4. IT'S NOT SO MUCH A CONTINUATION AS IT IS A SEQUEL.

When you watch something like The Americans season two, it's almost impossible to catch on unless you've seen the previous episodes. Stranger Things season two will differ from the modern TV approach by being more of a sequel than a continuation of the first year. That means a more self-contained plot that doesn't leave viewers hanging at the end of nine episodes.

"There are lingering questions, but the idea with Season 2 is there's a new tension and the goal is can the characters resolve that tension by the end," Ross Duffer told IGN. "So it's going to be its own sort of complete little movie, very much in the way that Season 1 is."

Don't worry about the two seasons of Stranger Things being too similar or too different from the original, though, because when speaking with Entertainment Weekly about the influences on the show, Matt Duffer said, "I guess a lot of this is James Cameron. But he’s brilliant. And I think one of the reasons his sequels are as successful as they are is he makes them feel very different without losing what we loved about the original. So I think we kinda looked to him and what he does and tried to capture a little bit of the magic of his work.”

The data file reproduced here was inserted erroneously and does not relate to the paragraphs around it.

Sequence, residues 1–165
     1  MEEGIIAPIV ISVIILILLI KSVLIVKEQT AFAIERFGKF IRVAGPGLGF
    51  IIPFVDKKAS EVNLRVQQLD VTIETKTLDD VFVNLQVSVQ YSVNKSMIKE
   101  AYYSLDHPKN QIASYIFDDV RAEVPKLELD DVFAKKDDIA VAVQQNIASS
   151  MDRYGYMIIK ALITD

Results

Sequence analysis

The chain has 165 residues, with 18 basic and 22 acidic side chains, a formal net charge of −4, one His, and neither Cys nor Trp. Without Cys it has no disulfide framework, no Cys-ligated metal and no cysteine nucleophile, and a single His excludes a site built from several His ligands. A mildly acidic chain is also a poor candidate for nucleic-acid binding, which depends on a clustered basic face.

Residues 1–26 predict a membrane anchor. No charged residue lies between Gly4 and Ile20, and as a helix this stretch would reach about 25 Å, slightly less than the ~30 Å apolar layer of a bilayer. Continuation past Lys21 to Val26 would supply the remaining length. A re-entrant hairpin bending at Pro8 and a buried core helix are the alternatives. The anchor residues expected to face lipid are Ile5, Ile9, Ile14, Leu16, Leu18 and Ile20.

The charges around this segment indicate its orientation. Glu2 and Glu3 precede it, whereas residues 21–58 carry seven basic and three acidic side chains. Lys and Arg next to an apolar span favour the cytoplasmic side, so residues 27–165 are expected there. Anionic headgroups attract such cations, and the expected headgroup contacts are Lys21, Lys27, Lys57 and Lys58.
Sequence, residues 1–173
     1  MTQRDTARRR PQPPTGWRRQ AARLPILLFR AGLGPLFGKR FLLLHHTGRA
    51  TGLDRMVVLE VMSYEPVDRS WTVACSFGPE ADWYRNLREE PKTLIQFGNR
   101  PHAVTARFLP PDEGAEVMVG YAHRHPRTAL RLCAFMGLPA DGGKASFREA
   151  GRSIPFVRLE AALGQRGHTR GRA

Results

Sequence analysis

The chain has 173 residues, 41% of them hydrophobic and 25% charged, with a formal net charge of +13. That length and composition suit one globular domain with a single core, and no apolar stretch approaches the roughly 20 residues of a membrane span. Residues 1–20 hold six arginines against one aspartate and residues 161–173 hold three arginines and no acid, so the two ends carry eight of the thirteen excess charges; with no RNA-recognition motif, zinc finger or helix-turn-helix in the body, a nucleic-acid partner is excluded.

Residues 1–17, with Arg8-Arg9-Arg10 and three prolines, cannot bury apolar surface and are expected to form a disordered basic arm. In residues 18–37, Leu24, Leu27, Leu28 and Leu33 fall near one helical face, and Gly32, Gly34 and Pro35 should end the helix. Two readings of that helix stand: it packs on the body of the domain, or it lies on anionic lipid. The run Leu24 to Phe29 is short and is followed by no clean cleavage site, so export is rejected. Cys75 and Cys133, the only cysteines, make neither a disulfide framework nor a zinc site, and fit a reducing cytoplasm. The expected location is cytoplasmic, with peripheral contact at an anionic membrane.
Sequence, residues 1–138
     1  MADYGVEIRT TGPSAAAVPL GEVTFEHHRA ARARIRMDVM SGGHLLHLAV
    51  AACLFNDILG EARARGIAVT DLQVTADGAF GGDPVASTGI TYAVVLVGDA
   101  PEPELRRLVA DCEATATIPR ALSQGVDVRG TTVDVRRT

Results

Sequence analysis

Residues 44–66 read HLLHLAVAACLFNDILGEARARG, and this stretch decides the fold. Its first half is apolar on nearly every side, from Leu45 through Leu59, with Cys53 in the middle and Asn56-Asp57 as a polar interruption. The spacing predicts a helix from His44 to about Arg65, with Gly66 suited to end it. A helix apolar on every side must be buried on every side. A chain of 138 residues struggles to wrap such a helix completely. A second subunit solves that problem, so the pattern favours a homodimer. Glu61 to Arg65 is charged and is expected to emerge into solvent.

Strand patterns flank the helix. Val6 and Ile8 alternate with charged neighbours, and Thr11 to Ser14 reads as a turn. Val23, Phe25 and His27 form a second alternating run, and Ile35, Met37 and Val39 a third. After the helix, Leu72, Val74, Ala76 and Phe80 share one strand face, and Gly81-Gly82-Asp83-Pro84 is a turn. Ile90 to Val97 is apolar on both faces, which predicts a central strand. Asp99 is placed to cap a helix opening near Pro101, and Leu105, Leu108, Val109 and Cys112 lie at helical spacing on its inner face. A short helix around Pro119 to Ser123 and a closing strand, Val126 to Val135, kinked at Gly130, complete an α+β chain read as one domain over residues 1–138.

5. THE PREMIERE WILL TRAVEL OUTSIDE OF HAWKINS.

Everything about the new Stranger Things episodes will be kept secret until they finally debut later this year, but we do know one thing about the premiere: It won't take place entirely in the familiar town of Hawkins, Indiana. “We will venture a little bit outside of Hawkins,” Matt Duffer told Entertainment Weekly. “I will say the opening scene [of the premiere] does not take place in Hawkins.”

So, should we take "a little bit outside" as literally as it sounds? You certainly can, but in that same interview, the brothers also said they're both eager to explore the Upside Down, the alternate dimension from the first season. Whether the season kicks off just a few miles away, or a few worlds away, you'll get your answer when Stranger Things's second season debuts next month.